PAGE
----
His leap in logic seemed to be a bit far fetched for me. How can disseminating public information be an invasion of privacy? His complaint was based on being fed up with getting so much junk mail. He said it was a waste of his time to have to sort through solicitations. I resisted the urge to tell him about the only place where junk mail isn’t a nuisance is somewhere in Tahiti.

I think he may have seen a recent story on McNeil/Lehrer about how much information which most of us assume is "confidential" can be bought. According to one man who used his computer to access information on people, everything from one’s credit history to one’s medical records is available if you look in the right places. To demonstrate his point, this fellow pulled up how much Dan Quayle spent at Sears one month.

Paranoia might be the clinical diagnosis, but it is a bit frightening that every move you make can be scrutinized by someone, somewhere at some time. And the people watching probably are not the type who will see the humor in practicing one’s stand up comedy act in front of a Super America security camera.

Thursday, March 18, 1993

Out of the Loop

"Bill Monroe once said he got his best thinking done while other people were talking. I always liked that."

Finally given the chance to see the big "BobFest" honoring thirty years of Bob Dylan's music, my favorite performance (not counting the man's himself) was surprisingly, the O'Jays version of "Emotionall-y Yours". It's an often overlooked song that was given a wonderful soulful rendition. Other notables wcrc Lou Reed's "Foot of Pride" (an inspired selection), Neil Young's "Just Like Tom Thumb Blues", and Tom Petty's "License to Kill". Only disappointment was they cut Bob's performance of "Song to Woody".

Last week A1 sent me to a Padgett-Thompson seminar entitled: "How to Create Newsletters People Will Read". There were several ideas presented that will be incorporated into these pages, You might have already noticed some "cosmetic" changes (already more than what Michael Jackson has had done) and will see more in upcoming issues. Meanwhile we still covet your input so if you have ideas on what you think the newsletter should be, please get them to me.

A request was made to include the phone numbers of our two U.S. Senators. Happy to oblige: David Durenburger: 370-3382 Paul Wellstone: 645-0323

What does it mean when Idon't even understand the graffiti spray painted on our walls? Am I totally out of the loop?

I do believe this is the first issue of the newsletter that began with the word, "Jambo". Congratulations to all involved, We also recognize there is a major difference between the words, "salon" and "saloon" and to add an 'b" can distort the entire meaning of a sentence. Then again, words are all alike anyway, just a bunch of letters put together sometimes meaningless taken out of context or spoken (or written) without inflection.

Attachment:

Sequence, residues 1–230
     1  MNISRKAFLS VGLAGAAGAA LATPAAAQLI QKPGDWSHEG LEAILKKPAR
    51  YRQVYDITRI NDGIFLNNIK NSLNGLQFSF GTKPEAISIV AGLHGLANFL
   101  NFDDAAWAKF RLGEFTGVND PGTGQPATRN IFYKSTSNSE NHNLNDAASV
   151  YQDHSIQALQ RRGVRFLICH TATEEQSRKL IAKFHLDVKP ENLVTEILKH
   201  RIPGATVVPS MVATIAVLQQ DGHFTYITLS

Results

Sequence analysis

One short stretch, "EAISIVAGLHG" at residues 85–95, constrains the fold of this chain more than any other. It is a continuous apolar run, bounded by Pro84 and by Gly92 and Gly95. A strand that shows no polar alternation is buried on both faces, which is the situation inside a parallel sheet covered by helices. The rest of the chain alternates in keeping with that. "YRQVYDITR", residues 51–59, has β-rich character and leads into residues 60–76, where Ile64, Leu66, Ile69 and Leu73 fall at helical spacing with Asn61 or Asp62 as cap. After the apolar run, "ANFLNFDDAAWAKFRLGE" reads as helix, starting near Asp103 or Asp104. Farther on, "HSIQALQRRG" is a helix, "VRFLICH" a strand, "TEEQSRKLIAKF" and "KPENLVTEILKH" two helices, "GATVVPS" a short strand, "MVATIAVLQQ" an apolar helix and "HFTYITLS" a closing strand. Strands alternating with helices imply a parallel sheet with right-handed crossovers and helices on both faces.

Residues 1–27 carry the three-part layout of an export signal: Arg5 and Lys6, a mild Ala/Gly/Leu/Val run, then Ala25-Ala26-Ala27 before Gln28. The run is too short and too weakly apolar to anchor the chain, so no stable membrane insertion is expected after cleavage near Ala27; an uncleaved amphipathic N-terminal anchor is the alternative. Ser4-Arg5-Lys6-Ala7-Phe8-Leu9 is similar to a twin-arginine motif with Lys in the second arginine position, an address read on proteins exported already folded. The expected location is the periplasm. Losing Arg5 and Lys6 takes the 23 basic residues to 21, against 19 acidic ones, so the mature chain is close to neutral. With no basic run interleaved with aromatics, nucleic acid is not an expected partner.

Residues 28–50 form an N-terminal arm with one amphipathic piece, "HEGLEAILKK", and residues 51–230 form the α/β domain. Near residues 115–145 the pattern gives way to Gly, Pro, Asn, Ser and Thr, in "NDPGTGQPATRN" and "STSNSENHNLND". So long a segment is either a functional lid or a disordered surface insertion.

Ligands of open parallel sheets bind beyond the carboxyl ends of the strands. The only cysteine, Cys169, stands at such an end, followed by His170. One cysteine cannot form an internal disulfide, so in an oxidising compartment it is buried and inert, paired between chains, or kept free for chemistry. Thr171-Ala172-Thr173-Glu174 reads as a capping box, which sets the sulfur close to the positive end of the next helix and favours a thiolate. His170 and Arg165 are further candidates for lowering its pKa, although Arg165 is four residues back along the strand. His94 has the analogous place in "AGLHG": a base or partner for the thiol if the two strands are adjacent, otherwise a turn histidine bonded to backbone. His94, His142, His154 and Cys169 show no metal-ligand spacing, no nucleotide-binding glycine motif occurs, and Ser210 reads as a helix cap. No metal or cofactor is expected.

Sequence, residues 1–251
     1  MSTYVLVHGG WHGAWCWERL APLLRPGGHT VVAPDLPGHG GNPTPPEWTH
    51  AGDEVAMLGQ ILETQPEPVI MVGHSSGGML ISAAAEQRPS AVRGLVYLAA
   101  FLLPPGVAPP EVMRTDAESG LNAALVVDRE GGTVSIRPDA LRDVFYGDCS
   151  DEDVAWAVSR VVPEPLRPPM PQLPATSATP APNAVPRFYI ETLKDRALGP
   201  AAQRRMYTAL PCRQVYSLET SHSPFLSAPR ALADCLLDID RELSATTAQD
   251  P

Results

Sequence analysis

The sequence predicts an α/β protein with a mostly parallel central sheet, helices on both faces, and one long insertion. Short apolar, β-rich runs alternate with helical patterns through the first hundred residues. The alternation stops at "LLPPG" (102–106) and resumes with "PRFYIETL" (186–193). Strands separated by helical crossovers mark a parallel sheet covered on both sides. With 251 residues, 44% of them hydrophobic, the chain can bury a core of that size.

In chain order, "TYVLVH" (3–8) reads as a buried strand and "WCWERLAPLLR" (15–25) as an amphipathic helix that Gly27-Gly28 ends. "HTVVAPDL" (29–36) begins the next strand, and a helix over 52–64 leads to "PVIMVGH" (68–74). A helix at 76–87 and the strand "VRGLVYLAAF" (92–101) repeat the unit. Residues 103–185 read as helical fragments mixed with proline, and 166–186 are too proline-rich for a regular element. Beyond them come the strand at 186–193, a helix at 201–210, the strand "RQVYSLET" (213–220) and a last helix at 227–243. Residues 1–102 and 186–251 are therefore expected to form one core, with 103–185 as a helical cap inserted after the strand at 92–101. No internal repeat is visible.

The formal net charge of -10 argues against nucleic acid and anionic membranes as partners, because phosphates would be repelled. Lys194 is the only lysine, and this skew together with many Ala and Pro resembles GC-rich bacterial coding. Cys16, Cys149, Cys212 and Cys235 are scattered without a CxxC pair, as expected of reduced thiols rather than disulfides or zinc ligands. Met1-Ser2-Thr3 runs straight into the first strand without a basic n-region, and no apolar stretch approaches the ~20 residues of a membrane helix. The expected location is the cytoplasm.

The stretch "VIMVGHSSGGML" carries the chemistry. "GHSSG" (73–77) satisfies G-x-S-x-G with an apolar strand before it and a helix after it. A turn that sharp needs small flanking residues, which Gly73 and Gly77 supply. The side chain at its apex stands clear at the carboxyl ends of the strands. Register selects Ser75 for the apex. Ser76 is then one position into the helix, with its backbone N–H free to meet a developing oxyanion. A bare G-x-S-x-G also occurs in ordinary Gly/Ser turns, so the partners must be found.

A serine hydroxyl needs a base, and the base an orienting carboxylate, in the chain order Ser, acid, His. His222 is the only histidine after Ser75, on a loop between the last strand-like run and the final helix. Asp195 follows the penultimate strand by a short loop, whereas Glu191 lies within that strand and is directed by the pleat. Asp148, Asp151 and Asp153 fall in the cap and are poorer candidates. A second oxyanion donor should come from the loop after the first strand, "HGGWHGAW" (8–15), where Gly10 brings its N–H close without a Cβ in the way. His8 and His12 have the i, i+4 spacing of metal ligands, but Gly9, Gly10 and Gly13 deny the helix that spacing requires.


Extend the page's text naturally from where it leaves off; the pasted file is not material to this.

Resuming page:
Monday, March 15, 1993

The Other Me

I just had an elderly couple purchase $48.00 in Green Tags. They planned to haul them home on a bus but found the four back grocery bags too cumbersome. So I called them a cab.

To me it was a bit depressing to see someone spend that much on Green Tag records (can anyone possibly have a need for that many scratched/moldy records?) But I guess if we put a smile on just one person's face, if we make this world a better place for just one person, it is worth it. Do I hear employee of the month?

I wasn't going to say anything but now that it was brought up, I feel I have to respond. When Joel was born, our family had fallen upon hard times. It was a difficult decision, but we placed our youngest sibling into a wicker basket and set him afloat down the Nile-all the time praying his would be a fruitful existence.

Which brings to mind another painful memory. It was during my audition for the TV game show, "Cardsharks" (this is true). One of the NBC pageslooked at my application and said, "I know a David Maeda back in Hawaii." It was like being doused in the face with a shoe of ice water; finding out I'm not even an original, just some sort of facsimile, just another face in the crowd,

Monday, March 1, 1993

Power and Greed and Corruptible Seed

Bob’s Quote of the Week: I’m just thankful I can play on stage and people come to see me. Because I couldn’t make it otherwise, I mean if I went out to play on stage and nobody showed up that would be the end of me. I wouldn’t be making records, I’ll tell you that. I only make records because people see me live. As long as they’re coming to see me live, I’ll just make more records."

Star Trek Quote of the Week: "Joy can be many things." Dr. Miranda

Editor’s Note: We are proud to present our first sports column (unless you count Jason’s Super Bowl predictions) and probably our last (this is a retail music newsletter by golly. Enjoy.

They were simpler times. We used to go to the park with a mangled, slightly lopsided baseball (it did make it easier to throw a curve ball) and spend our weekends playing ball. We used a frisbee as first base, a tin can as second base, and one of the "guy’s" jackets as third.